The accuracy of the axia


tomographic scans made by this system is


dependent upon:


each traverse being


executed with source and detector


correctly responding to each


stepping motor


command,


the alignment of the source and detector in all planes,

and,

the accurate detection and recording of the radiation


transmission profile


by the data acquisition


system.


The tests required to verify if either the source or detector


have mistepped during a traverse was straightforward.


In using two


stepping motors to drive the source, a situation is created whereby


both motors must perform flawlessly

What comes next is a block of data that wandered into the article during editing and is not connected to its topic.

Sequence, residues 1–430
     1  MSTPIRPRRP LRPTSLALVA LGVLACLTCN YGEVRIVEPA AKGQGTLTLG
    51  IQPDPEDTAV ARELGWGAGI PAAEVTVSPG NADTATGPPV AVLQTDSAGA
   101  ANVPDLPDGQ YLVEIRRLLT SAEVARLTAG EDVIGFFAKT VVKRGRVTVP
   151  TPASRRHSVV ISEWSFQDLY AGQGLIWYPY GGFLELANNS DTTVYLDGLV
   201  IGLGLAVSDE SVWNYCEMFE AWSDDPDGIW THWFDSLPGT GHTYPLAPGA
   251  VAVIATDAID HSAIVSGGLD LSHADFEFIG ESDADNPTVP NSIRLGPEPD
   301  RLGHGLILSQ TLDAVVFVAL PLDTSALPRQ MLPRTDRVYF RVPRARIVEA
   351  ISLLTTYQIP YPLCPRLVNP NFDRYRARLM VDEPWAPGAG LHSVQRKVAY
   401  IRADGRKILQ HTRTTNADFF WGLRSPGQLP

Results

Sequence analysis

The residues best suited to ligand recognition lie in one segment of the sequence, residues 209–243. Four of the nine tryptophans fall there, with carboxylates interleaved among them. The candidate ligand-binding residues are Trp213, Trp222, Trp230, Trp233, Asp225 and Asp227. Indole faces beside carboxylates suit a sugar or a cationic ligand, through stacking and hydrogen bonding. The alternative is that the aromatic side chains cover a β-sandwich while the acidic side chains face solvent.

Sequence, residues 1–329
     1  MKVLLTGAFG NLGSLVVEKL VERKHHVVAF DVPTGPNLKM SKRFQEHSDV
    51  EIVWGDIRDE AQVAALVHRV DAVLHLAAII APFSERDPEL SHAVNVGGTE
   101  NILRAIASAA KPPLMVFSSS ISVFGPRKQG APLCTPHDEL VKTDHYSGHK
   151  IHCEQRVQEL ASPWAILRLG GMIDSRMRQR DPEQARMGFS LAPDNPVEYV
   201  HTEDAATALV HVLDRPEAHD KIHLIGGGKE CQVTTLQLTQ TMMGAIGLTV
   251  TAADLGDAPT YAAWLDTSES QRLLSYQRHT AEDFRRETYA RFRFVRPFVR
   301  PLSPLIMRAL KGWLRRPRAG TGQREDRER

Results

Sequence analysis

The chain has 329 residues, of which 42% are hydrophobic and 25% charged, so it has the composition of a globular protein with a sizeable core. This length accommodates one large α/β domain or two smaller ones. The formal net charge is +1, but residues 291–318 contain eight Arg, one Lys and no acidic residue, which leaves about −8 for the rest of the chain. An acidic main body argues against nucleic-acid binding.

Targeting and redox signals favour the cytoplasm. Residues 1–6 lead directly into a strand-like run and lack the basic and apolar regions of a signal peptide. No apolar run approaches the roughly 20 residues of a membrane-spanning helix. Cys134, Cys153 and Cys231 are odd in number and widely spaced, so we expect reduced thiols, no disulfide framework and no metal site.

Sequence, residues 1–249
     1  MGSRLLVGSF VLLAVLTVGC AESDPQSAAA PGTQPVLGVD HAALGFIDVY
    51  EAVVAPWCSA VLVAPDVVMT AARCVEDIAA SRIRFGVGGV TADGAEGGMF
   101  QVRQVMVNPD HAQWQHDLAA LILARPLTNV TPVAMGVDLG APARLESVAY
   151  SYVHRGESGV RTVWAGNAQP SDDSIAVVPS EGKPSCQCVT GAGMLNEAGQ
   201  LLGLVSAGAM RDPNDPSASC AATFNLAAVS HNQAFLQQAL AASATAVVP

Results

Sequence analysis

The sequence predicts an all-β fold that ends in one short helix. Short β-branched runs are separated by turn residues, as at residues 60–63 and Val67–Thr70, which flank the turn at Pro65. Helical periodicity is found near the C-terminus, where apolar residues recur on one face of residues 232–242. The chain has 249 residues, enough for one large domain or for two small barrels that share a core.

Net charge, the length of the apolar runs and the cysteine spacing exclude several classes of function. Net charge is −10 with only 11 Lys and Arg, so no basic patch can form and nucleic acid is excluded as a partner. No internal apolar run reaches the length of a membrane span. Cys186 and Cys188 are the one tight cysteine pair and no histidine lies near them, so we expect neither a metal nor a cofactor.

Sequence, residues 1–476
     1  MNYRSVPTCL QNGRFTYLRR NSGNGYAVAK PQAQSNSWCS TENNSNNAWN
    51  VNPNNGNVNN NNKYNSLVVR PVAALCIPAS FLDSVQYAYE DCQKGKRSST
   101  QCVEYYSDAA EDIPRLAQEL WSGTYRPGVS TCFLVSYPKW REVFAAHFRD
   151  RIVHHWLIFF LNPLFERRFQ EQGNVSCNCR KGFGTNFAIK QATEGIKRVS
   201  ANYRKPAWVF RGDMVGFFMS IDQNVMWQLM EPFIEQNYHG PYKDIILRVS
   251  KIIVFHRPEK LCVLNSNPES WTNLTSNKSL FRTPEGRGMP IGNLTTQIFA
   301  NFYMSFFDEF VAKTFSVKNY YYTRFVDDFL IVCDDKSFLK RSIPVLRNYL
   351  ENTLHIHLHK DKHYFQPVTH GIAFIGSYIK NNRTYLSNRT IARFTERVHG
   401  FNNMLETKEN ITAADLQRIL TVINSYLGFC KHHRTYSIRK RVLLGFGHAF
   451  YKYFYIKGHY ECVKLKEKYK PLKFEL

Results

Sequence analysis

since a missed step in either or


both motors will result in the loss of driving torque.


starting point of the source'


By marking the


s first traverse, a check can be made con-


firming that at the end of every second traverse the


to the same position


source returns


procedure was followed with the source


and detector traversing in the vertical direction, the condition of




76


orientation and in every second traverse the source and detector

returned to the same initial reference point indicating accurate


mechanical movement by the stepping motors. The number of pulses sent

to the motors for each traverse were also identical. It was felt


that,in order to verify the alignment of the


source and detector


in all


planes, the output of the detector

and reliable test possible. The r


ten would be the most sensitive


otational system was held fixed with


the source and detector traversing horizontally and the